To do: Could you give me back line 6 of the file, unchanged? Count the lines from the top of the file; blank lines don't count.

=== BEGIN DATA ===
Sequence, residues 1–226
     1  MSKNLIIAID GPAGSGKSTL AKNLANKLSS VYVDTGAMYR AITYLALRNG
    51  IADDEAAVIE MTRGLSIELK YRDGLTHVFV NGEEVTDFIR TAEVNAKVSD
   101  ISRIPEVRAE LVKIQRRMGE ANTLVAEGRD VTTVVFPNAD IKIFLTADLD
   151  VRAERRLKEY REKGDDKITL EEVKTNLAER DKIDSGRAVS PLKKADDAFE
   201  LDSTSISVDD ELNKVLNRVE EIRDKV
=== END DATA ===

   201  LDSTSISVDD ELNKVLNRVE EIRDKV